Tag Archives: Cats

Logical Gal and Reasoning like a Doctor

10 Oct

One of our cats died this week:

What a painful decision it is to choose to euthanize an animal when her quality of life is rapidly going down hill.  For years this cat had suffered from a chronic malady.  We struggled with her as we tried different remedies suggested by the vet.  But in the end, there was nothing more we could do.  At the ripe old age of 17 1/2 her organs were too weak to respond to medicine.

As we were chatting awkwardly with the vet who was getting to administer that final drug, I realized that the trial and error solutions that he and previous professionals had suggested were examples of abductive reasoning.

In language-based logic, there are 3 ways of reasoning: deductive, inductive and abductive.

Deductive reasoning is when you go from 2 known truths to a new piece of information.

All cats are curious

Leia is a cat

Therefore, Leia is curious

If the first two premises are true in a correctly formed syllogism (called ‘valid’ ) , then it follows that the conclusion must be true.  The conclusion is, in effect, GUARANTEED to be true. 

Inductive reasoning is more probabilistic.  The conclusion is at best LIKELY to be true.

The hurricane is moving in a northeasterly direction at the rate of 15 miles per hour.

Therefore, if it continues at that same rate and heading, it will probably reach our city by tomorrow night. 

Now to the thought process used by doctors, scientists and detectives.

Abductive reasoning is when you gather evidence and draw the best and most ‘reasonable’ (i.e. based on reasons) conclusion!  Many people rely on this kind of decision-making.  So much of life is uncertain.  But we gather the facts as best we can and we propose a solution or a conclusion. It’s trial and error.  Many of the decisions we take MUST rely on abductive reasoning.  I know this is frustrating to Americans who crave and are almost addicted to having certainty.

It is important, therefore, that you trust the character and procedures of the one who is reasoning this way.  Our cat did die, but all the vets involved in her life worked diligently and with care to provide the best treatments.  We are grateful to them and to God who guided us in that final decision as her owners.

Arguing about cuddly cats and ‘going TOO far’

25 Jul

Random question:   Is it true that some cats make good pets’?  This was a claim or CONCLUSION from last time when we were examining an argument.  We had started labeling & analyzing the argument about ‘roads that lead to Rome’ and got side-tracked by CATS! (see to the right:  ‘Spotting errors in arguments, beginning steps’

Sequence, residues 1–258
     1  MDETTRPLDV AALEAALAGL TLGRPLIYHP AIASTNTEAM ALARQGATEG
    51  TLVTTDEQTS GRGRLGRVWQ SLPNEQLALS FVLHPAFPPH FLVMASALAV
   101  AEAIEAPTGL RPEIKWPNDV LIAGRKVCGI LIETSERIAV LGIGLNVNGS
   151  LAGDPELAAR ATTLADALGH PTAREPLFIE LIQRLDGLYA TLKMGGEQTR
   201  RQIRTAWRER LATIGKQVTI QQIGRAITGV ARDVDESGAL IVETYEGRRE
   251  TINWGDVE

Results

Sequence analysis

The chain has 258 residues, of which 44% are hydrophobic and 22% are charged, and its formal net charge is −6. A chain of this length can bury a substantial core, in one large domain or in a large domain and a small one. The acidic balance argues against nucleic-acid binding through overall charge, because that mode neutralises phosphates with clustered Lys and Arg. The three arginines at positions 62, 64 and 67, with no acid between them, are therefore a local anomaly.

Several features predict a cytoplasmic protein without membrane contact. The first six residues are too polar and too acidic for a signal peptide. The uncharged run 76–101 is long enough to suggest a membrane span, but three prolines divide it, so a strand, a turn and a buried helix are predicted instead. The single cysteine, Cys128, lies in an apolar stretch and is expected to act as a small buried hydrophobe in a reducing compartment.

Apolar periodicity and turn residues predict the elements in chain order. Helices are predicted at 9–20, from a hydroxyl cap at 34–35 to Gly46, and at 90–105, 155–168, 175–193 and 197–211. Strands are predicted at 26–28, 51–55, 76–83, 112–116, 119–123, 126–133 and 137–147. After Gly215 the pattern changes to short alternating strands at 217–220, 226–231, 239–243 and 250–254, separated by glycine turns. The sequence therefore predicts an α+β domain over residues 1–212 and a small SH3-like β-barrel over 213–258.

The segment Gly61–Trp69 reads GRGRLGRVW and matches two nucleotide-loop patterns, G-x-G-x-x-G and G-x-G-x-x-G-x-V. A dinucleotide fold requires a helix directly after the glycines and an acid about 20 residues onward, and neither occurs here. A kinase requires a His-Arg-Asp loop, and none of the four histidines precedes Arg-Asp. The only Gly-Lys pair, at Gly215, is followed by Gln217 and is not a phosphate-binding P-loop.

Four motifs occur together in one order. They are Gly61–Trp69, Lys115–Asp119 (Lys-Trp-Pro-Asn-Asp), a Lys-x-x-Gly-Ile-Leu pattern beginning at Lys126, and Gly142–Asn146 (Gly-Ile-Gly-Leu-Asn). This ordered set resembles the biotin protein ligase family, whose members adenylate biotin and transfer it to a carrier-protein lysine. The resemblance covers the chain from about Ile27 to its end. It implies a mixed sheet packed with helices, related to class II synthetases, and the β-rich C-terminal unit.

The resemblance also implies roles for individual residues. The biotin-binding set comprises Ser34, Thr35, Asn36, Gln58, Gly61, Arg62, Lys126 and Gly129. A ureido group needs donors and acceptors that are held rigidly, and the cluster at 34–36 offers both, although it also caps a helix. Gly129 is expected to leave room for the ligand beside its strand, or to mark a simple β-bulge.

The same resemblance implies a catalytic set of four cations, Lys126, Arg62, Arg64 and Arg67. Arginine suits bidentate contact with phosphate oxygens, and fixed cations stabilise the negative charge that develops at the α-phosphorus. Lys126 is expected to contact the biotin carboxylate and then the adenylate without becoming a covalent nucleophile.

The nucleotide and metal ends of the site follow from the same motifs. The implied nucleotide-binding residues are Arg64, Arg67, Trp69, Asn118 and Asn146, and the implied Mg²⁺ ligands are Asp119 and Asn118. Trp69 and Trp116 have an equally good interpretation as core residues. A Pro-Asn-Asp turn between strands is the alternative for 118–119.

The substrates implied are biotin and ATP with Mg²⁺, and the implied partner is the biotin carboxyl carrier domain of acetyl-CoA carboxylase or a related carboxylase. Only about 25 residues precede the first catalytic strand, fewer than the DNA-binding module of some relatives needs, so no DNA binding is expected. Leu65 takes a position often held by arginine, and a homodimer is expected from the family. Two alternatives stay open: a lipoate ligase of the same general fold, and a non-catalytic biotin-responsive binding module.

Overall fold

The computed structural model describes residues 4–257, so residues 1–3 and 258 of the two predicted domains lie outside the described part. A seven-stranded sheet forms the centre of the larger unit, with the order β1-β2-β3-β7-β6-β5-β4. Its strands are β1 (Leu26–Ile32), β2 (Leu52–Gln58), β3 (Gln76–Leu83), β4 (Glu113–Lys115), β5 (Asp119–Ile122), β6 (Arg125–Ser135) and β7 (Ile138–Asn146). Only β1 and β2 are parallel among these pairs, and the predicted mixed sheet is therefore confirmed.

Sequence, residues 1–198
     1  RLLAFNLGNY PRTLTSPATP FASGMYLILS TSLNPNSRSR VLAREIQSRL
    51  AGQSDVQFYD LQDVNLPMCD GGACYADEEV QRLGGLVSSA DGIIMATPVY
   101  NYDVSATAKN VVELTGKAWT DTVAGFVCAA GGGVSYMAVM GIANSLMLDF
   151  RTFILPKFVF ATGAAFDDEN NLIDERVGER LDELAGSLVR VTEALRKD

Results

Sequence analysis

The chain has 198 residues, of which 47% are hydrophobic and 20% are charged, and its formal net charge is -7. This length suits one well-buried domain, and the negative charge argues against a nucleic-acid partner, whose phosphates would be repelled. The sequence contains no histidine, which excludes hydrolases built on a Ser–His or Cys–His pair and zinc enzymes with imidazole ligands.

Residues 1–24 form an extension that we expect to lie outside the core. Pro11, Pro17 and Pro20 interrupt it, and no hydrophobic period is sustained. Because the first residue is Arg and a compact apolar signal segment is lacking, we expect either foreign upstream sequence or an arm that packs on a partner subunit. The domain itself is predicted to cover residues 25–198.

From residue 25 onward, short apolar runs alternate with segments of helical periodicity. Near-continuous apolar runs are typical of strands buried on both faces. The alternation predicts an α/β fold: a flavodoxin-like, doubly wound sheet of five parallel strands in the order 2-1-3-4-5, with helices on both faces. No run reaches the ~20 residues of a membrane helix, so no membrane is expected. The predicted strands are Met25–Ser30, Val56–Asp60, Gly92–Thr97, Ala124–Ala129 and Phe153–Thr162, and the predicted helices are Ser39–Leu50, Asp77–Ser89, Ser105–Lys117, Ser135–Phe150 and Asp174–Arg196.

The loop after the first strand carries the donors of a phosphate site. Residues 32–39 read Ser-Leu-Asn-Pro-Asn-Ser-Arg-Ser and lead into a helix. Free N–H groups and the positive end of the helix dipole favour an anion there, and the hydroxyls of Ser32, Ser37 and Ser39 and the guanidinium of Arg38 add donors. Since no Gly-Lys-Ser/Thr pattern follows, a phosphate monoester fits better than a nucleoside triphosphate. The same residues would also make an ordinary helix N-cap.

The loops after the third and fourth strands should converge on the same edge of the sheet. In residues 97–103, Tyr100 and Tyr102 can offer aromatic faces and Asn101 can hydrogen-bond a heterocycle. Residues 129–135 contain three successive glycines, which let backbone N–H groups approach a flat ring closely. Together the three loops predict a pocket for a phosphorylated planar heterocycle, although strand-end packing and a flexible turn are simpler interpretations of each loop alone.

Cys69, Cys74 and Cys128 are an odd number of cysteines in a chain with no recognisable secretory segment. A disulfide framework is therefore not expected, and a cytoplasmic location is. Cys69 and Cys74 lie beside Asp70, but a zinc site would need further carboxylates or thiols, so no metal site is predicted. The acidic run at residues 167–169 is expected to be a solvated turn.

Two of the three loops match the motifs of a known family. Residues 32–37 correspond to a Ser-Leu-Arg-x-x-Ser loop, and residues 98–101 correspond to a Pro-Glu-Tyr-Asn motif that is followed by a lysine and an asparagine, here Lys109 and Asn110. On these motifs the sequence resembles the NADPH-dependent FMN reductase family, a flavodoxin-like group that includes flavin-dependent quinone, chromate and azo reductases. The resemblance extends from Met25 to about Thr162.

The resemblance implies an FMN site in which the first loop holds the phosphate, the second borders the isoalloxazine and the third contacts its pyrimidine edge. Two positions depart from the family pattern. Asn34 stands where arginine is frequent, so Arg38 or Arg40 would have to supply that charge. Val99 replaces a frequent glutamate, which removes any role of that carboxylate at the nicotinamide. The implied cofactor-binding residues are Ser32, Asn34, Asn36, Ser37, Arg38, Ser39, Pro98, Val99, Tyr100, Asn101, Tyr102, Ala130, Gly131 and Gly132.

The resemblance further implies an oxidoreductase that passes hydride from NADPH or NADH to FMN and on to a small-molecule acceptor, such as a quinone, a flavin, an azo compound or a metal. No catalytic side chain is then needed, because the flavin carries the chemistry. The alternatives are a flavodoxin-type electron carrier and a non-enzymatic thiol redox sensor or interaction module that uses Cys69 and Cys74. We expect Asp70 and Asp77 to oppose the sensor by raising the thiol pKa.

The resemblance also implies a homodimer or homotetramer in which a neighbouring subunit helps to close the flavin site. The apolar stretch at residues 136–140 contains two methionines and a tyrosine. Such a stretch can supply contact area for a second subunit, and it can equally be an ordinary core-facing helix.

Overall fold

Your HW was to practice LABELING the following syllogism:

All animals that make good pets cuddle well

Some cats cuddle well

Tf, some cats make good pets  

 

Do you remember the steps?

1.   Put each proposition in ‘logical form’

All animals that make good pets are animals that cuddle well (needed a copula and we CLARIFIED terms)

Some cats are animals that cuddle well

Tf, some cats are animals that make good pets

2.   Start labeling the terms ‘bottom- up’, beginning with the Conclusion

–      Subject term is:   cats

–      Predicate or MAJOR term is:  animals that make good pets

–      Middle term (what’s left over) is: animals that cuddle well

 3.   Evaluate the terms with some quick questions

–      Are there 3 and only 3 terms?  YES

–      Is the Middle term in just the P1 and P2? (a rule new to you today) YES 

–      Is the Major/ Predicate term in P1? (the major premise -can’t be in P2) YES

 4.  Here’s a new step – draw out the syllogism to see if we have enough info to come to the conclusion legitimately

 cats as good pets

Because we have a question of where to place that subset of ‘cats that make good pets‘ (in the blue circle or out of the blue circle), we CANNOT legitimately reach the conclusion that Some cats are animals that make good pets.   Visually we can SEE that the syllogism is NOT valid…so there is no point in continuing  to debate with a cat/cuddly pet disputer whether the argument is true, because he/she has NOT correctly formed a syllogism.

Had the syllogism BEEN valid, then we would have continued on to examine the truth of Premise 1 and Premise 2.  There is a logic law that states, “In a valid argument, if the 2 premises are true, the conclusion MUST be true.”  That IF is the crucial two-letter word. Today’s argument was NOT valid, for there was insufficient information in the 2 premises to determine if in fact SOME CATS ARE ANIMALS THAT MAKE GOOD PETS.

So, for next time, practice with the argument from our previous post, the one below.  See if you can draw it out like I did with the cat argument.

All roads lead to Rome

Old Cabin Cove is a road

Therefore, Old Cabin Cove leads to Rome